Ferrier came for a quick visit to approve paint colors, tiles, and other critical details so that work could forge ahead (while Scott cloistered himself in the basement), then began ordering pieces online from Melbourne. When she arrived last March, it was time to put all the pieces of the puzzle into place.

Because the couple doesn’t own the home, they didn’t want to invest a fortune into its redo; however, Ferrier wanted to create a showpiece for the homeowner that could appeal to the palates of the masses, while also enabling her and her husband to feel at home.

Flooring, furniture, cabinetry, paint, drapery, and, of course, designer touches and vignettes throughout the house transformed the interior into a home Ferrier is proud to show off (the public can visit in September; see “Take a Tour” for details). More importantly, she is thrilled.

“Good design is about being astute and being a good businessperson, knowing where to spend a little more and where it’s not necessary,” Ferrier explains.

LEFT: TEA TIME: Tea-and-scones is an anticipated treat come afternoon. Of the wall clock, Ferrier says, “I love oversized things. And I love that this is a pocketwatch, but it’s so not a pocketwatch.” On the dining room’s console, the lock of an antique tantalus contains a trio of cut-glass Scottish decanters. Right: Details, Details:  In the master suite, curtains lined with blackout fabric add thickness and privacy. A diamond-patterned duvet cover is topped with layers of pillows. The shoes (Bally; found on sale in Melbourne), the Hermes Birkin bag, and the Burberry coat are prized for the spectacular details, just like the studded-cowhide and stainless ottoman they rest on. “I don’t care who they’re from,” Ferrier says. “It’s the details I love.”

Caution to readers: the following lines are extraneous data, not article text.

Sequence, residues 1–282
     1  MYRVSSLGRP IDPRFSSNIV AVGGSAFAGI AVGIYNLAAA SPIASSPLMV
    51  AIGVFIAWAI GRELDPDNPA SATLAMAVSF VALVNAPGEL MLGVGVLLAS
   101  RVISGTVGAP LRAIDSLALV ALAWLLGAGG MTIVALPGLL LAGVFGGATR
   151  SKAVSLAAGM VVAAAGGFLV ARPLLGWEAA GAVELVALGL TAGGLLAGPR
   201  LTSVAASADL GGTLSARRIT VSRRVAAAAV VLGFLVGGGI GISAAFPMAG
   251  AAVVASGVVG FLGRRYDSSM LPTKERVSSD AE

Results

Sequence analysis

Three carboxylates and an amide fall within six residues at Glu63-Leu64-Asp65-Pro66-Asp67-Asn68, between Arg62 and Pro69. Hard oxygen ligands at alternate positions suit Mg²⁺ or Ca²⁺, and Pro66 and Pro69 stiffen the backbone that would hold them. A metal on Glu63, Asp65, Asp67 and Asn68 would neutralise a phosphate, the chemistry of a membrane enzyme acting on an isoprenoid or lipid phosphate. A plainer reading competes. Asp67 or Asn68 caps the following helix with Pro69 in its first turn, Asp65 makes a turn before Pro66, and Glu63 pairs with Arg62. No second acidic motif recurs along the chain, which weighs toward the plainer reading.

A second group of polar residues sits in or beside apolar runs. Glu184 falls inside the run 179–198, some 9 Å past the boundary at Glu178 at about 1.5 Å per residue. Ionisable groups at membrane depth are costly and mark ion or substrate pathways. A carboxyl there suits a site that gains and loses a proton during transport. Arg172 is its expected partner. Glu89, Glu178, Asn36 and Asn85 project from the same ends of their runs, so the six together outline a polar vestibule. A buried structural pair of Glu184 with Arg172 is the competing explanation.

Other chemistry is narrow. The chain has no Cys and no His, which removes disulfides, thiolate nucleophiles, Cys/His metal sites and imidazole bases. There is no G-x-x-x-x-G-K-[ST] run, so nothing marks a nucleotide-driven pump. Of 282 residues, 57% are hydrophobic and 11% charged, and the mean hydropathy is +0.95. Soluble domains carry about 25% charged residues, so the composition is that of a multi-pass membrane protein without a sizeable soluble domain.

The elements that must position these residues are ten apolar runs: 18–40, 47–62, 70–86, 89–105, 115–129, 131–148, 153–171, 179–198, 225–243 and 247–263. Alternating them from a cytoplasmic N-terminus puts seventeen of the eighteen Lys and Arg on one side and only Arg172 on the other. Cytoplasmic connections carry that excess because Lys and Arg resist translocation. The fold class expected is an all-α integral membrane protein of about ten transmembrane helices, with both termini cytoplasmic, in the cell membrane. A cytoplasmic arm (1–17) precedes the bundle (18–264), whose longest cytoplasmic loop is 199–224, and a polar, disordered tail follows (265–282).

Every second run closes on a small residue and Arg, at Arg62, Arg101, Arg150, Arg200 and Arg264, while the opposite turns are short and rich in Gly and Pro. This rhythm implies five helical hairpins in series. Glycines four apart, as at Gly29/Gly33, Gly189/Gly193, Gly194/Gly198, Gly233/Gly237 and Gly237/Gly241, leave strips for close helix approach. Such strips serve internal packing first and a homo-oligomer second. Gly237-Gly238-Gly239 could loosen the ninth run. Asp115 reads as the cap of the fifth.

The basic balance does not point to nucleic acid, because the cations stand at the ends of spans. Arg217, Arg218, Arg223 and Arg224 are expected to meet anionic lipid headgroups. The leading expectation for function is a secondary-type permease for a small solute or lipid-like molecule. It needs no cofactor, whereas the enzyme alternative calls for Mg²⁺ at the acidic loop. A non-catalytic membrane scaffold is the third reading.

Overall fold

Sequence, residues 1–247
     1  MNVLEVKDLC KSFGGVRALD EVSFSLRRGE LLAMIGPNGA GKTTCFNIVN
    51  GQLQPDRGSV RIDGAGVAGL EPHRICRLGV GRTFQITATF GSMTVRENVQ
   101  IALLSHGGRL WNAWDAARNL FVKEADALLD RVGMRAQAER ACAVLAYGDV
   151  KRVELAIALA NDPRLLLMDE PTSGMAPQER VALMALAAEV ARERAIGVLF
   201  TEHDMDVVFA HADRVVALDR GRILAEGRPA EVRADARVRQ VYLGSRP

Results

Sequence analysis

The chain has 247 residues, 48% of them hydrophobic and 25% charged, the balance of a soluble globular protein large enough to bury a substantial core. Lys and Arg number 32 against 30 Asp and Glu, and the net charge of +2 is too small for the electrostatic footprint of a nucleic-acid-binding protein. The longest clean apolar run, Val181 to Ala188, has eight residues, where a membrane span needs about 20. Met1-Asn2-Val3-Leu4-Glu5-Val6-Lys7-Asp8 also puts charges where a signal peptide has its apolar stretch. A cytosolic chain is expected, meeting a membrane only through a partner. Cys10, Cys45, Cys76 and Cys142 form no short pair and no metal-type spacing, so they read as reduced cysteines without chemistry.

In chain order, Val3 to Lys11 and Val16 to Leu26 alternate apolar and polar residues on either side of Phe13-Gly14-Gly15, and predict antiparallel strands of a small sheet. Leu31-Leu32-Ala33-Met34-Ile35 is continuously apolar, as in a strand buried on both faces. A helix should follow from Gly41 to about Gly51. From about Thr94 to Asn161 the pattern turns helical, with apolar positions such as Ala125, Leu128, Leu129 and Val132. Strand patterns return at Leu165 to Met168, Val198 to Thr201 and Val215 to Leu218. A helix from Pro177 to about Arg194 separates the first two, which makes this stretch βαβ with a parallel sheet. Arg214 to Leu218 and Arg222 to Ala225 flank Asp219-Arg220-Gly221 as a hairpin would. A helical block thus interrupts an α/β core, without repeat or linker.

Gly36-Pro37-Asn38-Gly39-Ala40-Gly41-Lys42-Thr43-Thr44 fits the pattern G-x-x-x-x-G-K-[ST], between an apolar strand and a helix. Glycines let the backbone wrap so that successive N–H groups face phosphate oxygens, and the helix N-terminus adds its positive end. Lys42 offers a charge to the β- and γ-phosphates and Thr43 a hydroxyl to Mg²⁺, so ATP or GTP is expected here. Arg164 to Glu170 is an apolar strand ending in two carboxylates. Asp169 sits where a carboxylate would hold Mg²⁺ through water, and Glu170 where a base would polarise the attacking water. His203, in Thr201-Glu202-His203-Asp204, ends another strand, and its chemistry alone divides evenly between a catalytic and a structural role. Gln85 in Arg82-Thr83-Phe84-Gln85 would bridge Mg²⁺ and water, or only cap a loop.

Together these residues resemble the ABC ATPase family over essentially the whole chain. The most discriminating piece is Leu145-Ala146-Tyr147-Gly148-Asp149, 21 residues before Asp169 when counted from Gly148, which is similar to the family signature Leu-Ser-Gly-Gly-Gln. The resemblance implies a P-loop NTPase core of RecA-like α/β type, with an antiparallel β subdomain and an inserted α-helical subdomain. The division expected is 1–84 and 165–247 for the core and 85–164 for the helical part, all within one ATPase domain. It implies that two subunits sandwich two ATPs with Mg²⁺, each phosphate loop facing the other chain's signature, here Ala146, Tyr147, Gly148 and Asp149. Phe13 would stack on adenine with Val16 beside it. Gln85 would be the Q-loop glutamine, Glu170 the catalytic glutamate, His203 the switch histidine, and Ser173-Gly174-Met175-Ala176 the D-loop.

Left: A first-floor powder room has the same inexpensive square tiles on the floor, right up the walls to the ceiling, making  for a clean-lined, neutral statement. Right: The couple scooped up a pair of watercolor-on-wood fish portraits at a market in Paris. On the console, the Spirit of Ecstasy hood ornament is a keepsake from Ferrier’s husband’s first Rolls-Royce. For his 40th birthday, Ferrier surprised him with a trip to Africa. “He bought me the rhino money box as a gift and said to start saving up for our next trip back to Africa.”


Ferrier’s father, an art teacher,
sketched this pen-and-ink portrait
of family members.

In her case, working toward a contented medium between toeing the line for future shoppers and creating her own happy nest, Ferrier — who says paint can make the biggest difference for the least amount of money — began by subtly delineating the structure into three tones of neutral color, which helps to create an appealing flow and consistency while showing off each space’s versatility. “If you’re looking to rent or sell, you don’t want a green floral, then a blue stripe, then a yellow dot,” she says. “You need to have a running theme. And entries are crucial; they present the idea of the entire home.”